Most people in my normal gaming circle are train game people and I have heard a lot about this game leading up to its release. Coupling that group excitement with it being another weird Tom Russell train game and I was pumped to finally get a chance to play it. The game I am talking about, of course, is Hollandspiele’s Dual Gauge. The game also comes with two maps, one designed for beginners to the system and another with a bit more going on. All the other players in the group had some experience, but we played the beginner map (Portugal) since I was a newbie to the system.
I tend to like Tom’s games since they are strange and subvert normal train game expectations and structure. This is thankfully no exception. The train operations and the train roster itself are both notable examples of that. The trains run routes and eventually rust just like in other games, but that does not mean everything is the same. The trains get more expensive as the game goes on (2, then 3, then 4, etc), but they don’t run differently. An endgame 5-train is just as good as a 2-train when it comes to running routes (well, it is slightly better since it does not rust). Another neat facet of this game is like one that makes Paris Connection one of my favorite cube rail games. The company shares and tokens are represented by the same component, and companies have a limited number of them. This introduces some neat strategies and tradeoffs as the game goes on. Building a station reduces the potential number of shares players can hold, just like buying the last share from the charter means the company can no longer place stations.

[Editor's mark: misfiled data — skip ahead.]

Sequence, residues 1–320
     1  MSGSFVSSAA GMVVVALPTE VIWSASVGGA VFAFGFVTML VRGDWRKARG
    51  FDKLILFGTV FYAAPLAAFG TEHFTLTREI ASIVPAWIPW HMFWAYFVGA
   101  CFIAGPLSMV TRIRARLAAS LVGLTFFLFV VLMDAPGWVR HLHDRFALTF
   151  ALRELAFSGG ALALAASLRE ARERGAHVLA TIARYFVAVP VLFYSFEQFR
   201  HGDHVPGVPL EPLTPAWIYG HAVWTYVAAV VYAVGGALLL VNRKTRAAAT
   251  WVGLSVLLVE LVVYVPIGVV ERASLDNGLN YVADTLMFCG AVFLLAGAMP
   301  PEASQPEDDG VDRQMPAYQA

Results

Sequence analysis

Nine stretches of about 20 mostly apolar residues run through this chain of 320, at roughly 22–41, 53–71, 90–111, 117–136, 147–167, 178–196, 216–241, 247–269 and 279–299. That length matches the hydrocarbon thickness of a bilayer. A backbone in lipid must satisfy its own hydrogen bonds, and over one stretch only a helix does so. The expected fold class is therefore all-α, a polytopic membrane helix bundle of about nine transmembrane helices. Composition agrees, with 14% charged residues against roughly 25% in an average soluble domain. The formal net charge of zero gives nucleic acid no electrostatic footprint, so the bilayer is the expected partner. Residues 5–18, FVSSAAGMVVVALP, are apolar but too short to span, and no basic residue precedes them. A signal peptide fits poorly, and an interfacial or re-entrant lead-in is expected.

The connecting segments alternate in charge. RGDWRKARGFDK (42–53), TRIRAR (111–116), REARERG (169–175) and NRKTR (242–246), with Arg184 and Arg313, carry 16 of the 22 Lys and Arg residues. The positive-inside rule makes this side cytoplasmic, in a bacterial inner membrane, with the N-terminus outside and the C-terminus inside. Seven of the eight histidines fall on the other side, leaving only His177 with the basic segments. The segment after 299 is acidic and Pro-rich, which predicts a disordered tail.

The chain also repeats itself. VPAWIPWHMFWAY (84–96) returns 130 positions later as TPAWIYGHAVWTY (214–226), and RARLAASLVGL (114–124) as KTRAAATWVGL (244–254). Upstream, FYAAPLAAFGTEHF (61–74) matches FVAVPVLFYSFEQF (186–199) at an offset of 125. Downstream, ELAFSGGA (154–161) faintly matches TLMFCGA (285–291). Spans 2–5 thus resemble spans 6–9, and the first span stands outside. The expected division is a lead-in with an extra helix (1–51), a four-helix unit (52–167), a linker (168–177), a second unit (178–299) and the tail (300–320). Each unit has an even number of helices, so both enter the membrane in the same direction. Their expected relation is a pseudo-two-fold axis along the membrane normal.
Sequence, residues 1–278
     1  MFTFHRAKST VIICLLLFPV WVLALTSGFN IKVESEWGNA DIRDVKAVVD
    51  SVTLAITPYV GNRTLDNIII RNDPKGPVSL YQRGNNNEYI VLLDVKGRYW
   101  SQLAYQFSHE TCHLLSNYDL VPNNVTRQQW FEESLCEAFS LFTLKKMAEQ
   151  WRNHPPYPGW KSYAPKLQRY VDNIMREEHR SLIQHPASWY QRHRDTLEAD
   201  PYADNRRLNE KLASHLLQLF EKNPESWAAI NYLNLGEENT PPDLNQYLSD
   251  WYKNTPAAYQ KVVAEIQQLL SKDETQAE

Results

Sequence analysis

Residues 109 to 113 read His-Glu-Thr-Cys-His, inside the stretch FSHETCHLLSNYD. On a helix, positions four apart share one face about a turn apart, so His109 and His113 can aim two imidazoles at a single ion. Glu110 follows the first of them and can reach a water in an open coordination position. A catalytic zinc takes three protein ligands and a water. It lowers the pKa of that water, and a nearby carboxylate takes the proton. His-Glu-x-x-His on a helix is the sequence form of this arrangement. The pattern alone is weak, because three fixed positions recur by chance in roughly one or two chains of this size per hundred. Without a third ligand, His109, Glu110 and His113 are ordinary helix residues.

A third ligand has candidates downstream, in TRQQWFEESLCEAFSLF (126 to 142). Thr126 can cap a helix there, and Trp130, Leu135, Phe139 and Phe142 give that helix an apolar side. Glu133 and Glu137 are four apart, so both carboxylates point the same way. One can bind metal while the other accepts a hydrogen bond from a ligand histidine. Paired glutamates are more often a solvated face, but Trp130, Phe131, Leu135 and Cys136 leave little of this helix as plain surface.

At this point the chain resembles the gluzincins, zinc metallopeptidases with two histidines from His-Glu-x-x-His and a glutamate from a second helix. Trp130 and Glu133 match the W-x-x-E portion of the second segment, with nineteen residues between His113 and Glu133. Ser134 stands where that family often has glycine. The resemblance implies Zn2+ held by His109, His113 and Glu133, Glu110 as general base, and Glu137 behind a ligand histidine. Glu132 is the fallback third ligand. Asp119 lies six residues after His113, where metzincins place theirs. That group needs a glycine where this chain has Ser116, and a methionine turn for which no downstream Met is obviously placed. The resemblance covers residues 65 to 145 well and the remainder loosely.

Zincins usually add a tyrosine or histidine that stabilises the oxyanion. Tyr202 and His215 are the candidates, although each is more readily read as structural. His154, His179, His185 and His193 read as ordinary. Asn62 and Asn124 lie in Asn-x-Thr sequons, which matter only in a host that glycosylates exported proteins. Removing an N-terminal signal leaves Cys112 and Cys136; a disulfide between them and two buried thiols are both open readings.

That is not to say I walked away with universal praise for the game. I won the first share of the company in the south of this play (the white one, only in play with 4 or 5 players). That company played solitaire all alone in its region of the map. It was also running for revenues that were much lower than the companies in the middle of the map which were able to cooperate a bit more and accomplish some more profitable engineering. It was then a surprise to me when I wound up winning since it seemed strange to just be able to solitaire myself to a victory. Looking back, I think some of this is due to the company’s special power (getting an extra share when the first share is bought for free), as well as some of that mid-map cooperation turning sour in the last couple of rounds of the game. Regardless, I left the game feeling more excited about the game than disappointed by a longshot and interested to see if and how these various aspects play out future plays.
BGG Game Link: Dual Gauge